Wednesday, May 9, 2018

Do you have too many loud conversations?

I watched a podcast by an artist not too long ago, Nicholas Wilton, where he spoke about the importance of value in each painting. There was one phrase in that talk that really struck a chord with me. It went something like this: "You can have multiple conversations within each painting. They just can't all be loud." This rang true to me on so many levels.
There should always be something in one's life that is of utmost importance, a main theme. You can have sub-themes, lots of them: your job, your daily routines, what have you. But there's always one thing that is overarching and no, it's not your family. It's you: your sanity, your balance. If I don't take care of me, then I'm no good to my family. I'm slowly realizing how important and difficult this feat is - to think of me first...kind of like when they tell you to put an oxygen mask on yourself first in an event of an emergency.
I wanted contrast in this work but I also thought that light was truly key - that was the main idea. It's about gates into the bright void, a hopeful future after the passing of winter. It wants to be bright and airy, abstract, full of possibility. Did it succeed?
I would love this clarity of value to translate to my book as well. Currently it's full of parent/child traumas, romance struggles, work issues. But it needs to be about art, about how it weaves through this life and helps solve all these dilemmas, large and small. All of these other conversations can be subdued, toned down. I'm almost done dumping all my ideas and am about to move into the first edit stage. I can't wait to start sharing it with the world!
If you'd like to be part of my inner circle and start getting more glimpses into the book, as well as 20% off your first piece, I invite you to join my insider's list at http://www.dianastelin.com/jointhemeltingcrew.php 

Thursday, March 8, 2018

How to be today's Van Gogh

This is my latest work in progress, a 40x60 inch canvas, which is just a few inches shorter than me. I am doing a one hour blitz on it. I know I don't have much time but I need to get it out - all my emotions piling up over the last few weeks. The energy is pouring out of me. It's a positive force fueled by my success and recognition, by confidence in where I'm heading, by all the support I've gotten.
In my numerous conversations with people who resonate with my work, I heard that it reminds them of Van Gogh. Whereas before I would shudder at the thought of resembling another artist, about being categorized as an Impressionist, about being labeled in general, now I'm ecstatic. Yes? If you think I'm Van Gogh, then why should I be afraid to experiment with the curvature of my line? Why can't I be bold with my color?
It will be a variation on Van Gogh, sure. But it'll be my variation. I'll be the contemporary version of him, be it kitsch, be it too sweet or too straight-forward. I'll just pick my four or five colors and I'll experiment the hell out of them! They'll dance in all kinds of combinations, playing off of each other, seeing their most favorite partner in crime peek at them from across the canvas, approaching them from an unexpected angle.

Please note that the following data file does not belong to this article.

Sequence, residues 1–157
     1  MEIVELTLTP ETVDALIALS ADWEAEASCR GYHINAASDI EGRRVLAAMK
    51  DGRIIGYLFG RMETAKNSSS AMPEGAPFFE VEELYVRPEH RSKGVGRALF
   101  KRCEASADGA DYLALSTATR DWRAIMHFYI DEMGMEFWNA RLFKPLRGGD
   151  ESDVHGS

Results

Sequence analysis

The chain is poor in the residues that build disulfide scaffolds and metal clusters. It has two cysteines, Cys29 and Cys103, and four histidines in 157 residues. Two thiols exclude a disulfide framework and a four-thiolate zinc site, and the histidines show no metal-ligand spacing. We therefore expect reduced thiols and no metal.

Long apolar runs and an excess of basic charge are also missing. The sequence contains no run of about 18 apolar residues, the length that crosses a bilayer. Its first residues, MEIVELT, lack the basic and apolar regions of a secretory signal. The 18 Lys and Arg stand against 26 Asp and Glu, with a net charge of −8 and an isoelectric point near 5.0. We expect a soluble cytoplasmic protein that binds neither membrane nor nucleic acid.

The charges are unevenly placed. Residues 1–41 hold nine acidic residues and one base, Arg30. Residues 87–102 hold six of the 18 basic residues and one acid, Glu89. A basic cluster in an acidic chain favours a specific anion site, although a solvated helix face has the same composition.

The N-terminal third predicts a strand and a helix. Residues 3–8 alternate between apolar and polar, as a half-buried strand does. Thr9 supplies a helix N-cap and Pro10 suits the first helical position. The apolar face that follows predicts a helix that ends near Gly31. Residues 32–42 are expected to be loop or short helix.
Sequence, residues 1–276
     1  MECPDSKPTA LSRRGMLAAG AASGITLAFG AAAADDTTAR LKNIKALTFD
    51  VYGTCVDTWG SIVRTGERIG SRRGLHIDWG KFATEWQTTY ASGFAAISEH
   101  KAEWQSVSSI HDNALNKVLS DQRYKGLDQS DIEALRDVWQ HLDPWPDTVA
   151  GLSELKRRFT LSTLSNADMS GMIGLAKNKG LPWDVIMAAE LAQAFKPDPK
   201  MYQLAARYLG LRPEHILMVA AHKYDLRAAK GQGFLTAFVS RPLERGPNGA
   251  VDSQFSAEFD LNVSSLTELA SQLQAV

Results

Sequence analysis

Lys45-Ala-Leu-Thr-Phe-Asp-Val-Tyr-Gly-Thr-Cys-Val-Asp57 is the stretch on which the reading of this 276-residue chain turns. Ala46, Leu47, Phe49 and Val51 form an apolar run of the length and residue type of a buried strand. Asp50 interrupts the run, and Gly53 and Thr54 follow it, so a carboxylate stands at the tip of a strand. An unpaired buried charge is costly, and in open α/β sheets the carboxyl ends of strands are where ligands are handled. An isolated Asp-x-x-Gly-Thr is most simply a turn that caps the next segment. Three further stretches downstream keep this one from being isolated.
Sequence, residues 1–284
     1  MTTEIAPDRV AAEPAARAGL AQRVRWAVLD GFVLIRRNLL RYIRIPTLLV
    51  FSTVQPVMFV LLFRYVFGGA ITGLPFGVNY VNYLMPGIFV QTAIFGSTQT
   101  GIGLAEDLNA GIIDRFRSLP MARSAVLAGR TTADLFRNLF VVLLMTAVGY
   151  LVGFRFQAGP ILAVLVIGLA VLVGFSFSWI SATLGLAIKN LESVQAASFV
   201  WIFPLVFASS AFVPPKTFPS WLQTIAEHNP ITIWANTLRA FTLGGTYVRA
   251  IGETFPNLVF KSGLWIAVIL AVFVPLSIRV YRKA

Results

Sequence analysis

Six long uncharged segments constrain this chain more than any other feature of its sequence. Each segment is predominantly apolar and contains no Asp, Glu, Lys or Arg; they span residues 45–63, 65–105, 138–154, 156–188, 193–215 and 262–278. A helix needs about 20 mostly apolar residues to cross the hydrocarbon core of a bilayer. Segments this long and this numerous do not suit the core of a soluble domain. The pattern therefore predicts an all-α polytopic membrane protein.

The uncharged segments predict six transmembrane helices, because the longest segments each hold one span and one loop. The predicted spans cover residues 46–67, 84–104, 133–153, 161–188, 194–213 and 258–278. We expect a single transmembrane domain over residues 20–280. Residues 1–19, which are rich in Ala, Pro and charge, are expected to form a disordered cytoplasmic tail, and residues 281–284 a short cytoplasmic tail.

These canvases will have tumultuous personalities. They'll be happy one day, shining with the warmth of the sun. Another day it'll feel like a storm is approaching. They will be me, all the layers of me, all my complexities, naked in front of you. I won't hide behind the screen. I'll learn to love all these battling emotions, striving for a balance.
Just like in my daily life where I love my kids for their whole selves, I will attempt to be kind to myself on my good days and my bad days. They make up who I am, create my ying and yang. Are you kind to yourself on a bad day? It's so easy not to be, to beat yourself up, to be your worst critic...

Tuesday, February 20, 2018

Do we need to let it go in order to succeed?

I think this is a good ending point for the book. I'm done with about half of it by now and am thinking more and more about the main theme, and the sub-themes.
My drips are for emptiness. They’re an antidote to the busy world I try to populate in each new piece. They create the much needed reprieve from the craziness. They introduce abstraction, they move me from my regular status quo. 
They’re an answer to my traditional upbringing, to my fears of rejecting the mold, of letting go. If I completely give into them, they will be me letting go completely. 
But I can’t give up the line. Its piercing musicality is very important to me, its contrast is absolutely key. I don’t know if I figured out form yet, but the line is certainly there to stay. I still can’t tell which forms speak to me and which I’m able to forego. Is it a triangle shape or a semi-circle that is my favorite? A combo of various sized cubes? Do I absolutely need a horizon line? I’ve already gathered that less is more when it comes to color: maximum of two different juxtapositions plus an accent color. But I don’t want to stick to the same palette, do I? I know I need to break it down to get to complete abstraction, which would mean something to me. But how? And do I need to get to abstraction? Maybe this is a constant conversation - a chat between inner and outer reality, between abstract thoughts and practical sides of me?